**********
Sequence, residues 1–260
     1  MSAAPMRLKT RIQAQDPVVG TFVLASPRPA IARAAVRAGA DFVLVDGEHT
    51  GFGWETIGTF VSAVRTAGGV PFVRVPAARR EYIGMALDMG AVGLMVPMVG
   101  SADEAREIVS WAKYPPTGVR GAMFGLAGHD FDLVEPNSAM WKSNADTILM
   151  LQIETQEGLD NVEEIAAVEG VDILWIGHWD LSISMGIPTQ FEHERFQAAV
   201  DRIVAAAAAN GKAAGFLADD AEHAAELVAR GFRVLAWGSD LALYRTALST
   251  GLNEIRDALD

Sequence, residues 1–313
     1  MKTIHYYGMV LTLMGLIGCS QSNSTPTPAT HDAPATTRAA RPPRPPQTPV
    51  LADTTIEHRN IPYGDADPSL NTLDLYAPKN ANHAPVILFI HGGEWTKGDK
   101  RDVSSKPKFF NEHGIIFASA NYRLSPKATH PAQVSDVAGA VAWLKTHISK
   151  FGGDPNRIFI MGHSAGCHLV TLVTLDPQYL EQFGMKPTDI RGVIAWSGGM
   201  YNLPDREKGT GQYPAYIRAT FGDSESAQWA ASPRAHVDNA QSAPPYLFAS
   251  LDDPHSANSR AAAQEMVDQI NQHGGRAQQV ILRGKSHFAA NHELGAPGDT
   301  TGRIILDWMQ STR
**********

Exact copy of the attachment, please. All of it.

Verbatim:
Sequence, residues 1–260
     1  MSAAPMRLKT RIQAQDPVVG TFVLASPRPA IARAAVRAGA DFVLVDGEHT
    51  GFGWETIGTF VSAVRTAGGV PFVRVPAARR EYIGMALDMG AVGLMVPMVG
   101  SADEAREIVS WAKYPPTGVR GAMFGLAGHD FDLVEPNSAM WKSNADTILM
   151  LQIETQEGLD NVEEIAAVEG VDILWIGHWD LSISMGIPTQ FEHERFQAAV
   201  DRIVAAAAAN GKAAGFLADD AEHAAELVAR GFRVLAWGSD LALYRTALST
   251  GLNEIRDALD

Sequence, residues 1–313
     1  MKTIHYYGMV LTLMGLIGCS QSNSTPTPAT HDAPATTRAA RPPRPPQTPV
    51  LADTTIEHRN IPYGDADPSL NTLDLYAPKN ANHAPVILFI HGGEWTKGDK
   101  RDVSSKPKFF NEHGIIFASA NYRLSPKATH PAQVSDVAGA VAWLKTHISK
   151  FGGDPNRIFI MGHSAGCHLV TLVTLDPQYL EQFGMKPTDI RGVIAWSGGM
   201  YNLPDREKGT GQYPAYIRAT FGDSESAQWA ASPRAHVDNA QSAPPYLFAS
   251  LDDPHSANSR AAAQEMVDQI NQHGGRAQQV ILRGKSHFAA NHELGAPGDT
   301  TGRIILDWMQ STR